Transcriptional profiling of left ventricle and peripheral blood mononuclear cells in a rat model of postinfarction heart failure
1 Institute of Biochemistry and Biophysics Polish Academy of Sciences, Pawinskiego 5a, 02-106 Warsaw, Poland
2 Department of Clinical Physiology, Medical Centre of Postgraduate Education, Marymoncka 99/103, 02-813 Warsaw, Poland
BMC Medical Genomics 2013, 6:49 doi:10.1186/1755-8794-6-49Published: 8 November 2013
Myocardial infarction (MI) often results in left ventricular (LV) remodeling followed by heart failure (HF). It is of great clinical importance to understand the molecular mechanisms that trigger transition from compensated LV injury to HF and to identify relevant diagnostic biomarkers. The aim of this study was to investigate gene expression in the LV and to evaluate their reflection in peripheral blood mononuclear cells (PBMCs).
MI was induced in rats by ligation of the proximal left coronary artery. Rats with small, moderate, and large MI size were included into the experiment two months after the operation. The development of heart failure was estimated by echocardiography and catheterization. Microarrays were used to compare the LV and PBMCs transcriptomes of control and experimental animals.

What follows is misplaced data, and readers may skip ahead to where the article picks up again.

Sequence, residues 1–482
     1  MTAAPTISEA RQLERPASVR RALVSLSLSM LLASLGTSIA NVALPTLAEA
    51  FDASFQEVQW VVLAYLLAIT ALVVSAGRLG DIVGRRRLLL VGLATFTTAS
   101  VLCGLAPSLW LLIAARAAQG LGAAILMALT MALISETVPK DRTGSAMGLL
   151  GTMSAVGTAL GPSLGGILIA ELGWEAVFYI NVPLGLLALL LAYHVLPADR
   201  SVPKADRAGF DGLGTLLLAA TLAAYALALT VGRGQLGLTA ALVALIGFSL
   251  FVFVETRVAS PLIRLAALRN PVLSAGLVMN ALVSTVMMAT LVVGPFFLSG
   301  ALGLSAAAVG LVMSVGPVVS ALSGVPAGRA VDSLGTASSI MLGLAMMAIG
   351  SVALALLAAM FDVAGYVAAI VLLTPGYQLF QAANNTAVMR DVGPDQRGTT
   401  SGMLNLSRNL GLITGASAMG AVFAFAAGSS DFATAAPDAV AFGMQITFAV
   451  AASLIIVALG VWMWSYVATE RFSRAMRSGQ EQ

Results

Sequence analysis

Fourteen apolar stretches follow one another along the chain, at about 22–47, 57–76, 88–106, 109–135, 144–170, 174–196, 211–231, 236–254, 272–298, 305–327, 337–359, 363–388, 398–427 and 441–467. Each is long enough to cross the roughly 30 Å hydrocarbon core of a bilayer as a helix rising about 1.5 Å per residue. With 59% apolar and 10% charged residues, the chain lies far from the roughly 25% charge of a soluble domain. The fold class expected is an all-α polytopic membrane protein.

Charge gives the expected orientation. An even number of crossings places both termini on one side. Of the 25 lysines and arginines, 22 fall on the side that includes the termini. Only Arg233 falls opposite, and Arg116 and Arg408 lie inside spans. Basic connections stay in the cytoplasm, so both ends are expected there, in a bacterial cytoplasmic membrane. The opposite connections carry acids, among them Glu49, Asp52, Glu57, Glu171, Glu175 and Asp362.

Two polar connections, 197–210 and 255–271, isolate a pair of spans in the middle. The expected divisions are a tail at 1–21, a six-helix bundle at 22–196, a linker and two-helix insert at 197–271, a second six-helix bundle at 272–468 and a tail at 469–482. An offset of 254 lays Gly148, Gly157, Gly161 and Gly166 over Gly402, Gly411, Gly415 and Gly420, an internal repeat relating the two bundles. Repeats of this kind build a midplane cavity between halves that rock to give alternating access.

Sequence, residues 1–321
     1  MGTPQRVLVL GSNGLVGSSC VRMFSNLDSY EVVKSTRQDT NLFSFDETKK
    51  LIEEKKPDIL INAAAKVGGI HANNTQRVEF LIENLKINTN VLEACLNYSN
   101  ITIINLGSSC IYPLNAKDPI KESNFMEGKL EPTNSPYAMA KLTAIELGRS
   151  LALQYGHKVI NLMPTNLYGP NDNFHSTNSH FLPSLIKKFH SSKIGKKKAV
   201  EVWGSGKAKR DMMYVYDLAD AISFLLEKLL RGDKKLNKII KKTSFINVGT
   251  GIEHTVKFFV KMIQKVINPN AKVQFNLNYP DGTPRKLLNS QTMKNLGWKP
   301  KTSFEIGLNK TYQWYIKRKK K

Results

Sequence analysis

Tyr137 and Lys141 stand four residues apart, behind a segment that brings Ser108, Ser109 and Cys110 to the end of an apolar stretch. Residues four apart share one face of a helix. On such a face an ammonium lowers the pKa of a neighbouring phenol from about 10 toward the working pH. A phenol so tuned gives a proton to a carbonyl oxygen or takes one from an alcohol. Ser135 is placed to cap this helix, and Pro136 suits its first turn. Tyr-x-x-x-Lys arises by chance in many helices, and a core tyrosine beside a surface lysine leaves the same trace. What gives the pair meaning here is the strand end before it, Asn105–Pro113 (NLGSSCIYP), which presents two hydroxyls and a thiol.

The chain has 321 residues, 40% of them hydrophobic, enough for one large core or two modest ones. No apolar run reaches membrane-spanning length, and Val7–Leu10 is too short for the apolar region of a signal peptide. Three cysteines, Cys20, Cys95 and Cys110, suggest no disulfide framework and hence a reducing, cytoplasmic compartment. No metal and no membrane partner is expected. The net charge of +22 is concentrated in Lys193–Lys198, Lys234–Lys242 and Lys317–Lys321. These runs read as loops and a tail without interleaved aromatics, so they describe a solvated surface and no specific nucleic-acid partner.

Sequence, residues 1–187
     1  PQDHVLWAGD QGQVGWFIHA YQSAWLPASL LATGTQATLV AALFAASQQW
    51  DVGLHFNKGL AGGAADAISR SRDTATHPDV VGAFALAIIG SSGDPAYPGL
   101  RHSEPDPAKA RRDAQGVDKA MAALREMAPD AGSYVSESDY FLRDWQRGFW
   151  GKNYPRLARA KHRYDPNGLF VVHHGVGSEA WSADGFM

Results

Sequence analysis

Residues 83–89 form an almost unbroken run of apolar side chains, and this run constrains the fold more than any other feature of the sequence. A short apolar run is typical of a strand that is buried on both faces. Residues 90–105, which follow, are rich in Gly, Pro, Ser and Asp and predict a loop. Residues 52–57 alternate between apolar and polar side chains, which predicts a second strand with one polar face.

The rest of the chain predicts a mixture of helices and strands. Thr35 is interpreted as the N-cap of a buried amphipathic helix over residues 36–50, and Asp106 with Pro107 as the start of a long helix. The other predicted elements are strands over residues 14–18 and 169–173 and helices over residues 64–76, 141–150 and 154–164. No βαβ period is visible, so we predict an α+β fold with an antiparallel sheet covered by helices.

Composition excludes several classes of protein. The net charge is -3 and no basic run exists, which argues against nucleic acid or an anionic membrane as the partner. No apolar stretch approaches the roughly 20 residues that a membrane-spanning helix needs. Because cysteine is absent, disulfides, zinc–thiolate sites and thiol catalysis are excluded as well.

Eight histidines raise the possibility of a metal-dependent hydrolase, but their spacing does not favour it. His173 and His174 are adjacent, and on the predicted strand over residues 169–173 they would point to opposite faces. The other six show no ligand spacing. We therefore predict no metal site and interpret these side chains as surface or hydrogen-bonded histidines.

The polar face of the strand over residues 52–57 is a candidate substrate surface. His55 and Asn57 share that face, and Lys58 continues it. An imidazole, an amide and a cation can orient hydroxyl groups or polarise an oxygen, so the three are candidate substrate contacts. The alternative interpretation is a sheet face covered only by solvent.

Only rats with a large MI developed extensive LV remodeling and heart failure. 840 transcripts were altered in LV of failing hearts, and especially numerous were those associated with the extracellular matrix. In contrast, no significant gene expression changes were seen in LVs of rats with moderate or small MI that had compensated LV injury. We showed that ceruloplasmin was similarly overexpressed in the heart and blood in response to HF, whereas downregulation of tetraspanin 12 was significant only in the PBMCs.
A large size of infarcted area is critical for progression of LV remodeling and HF development, associated with altered gene expression in the heart. Ceruloplasmin and tetraspanin 12 are potential convenient markers in readily obtainable PBMCs.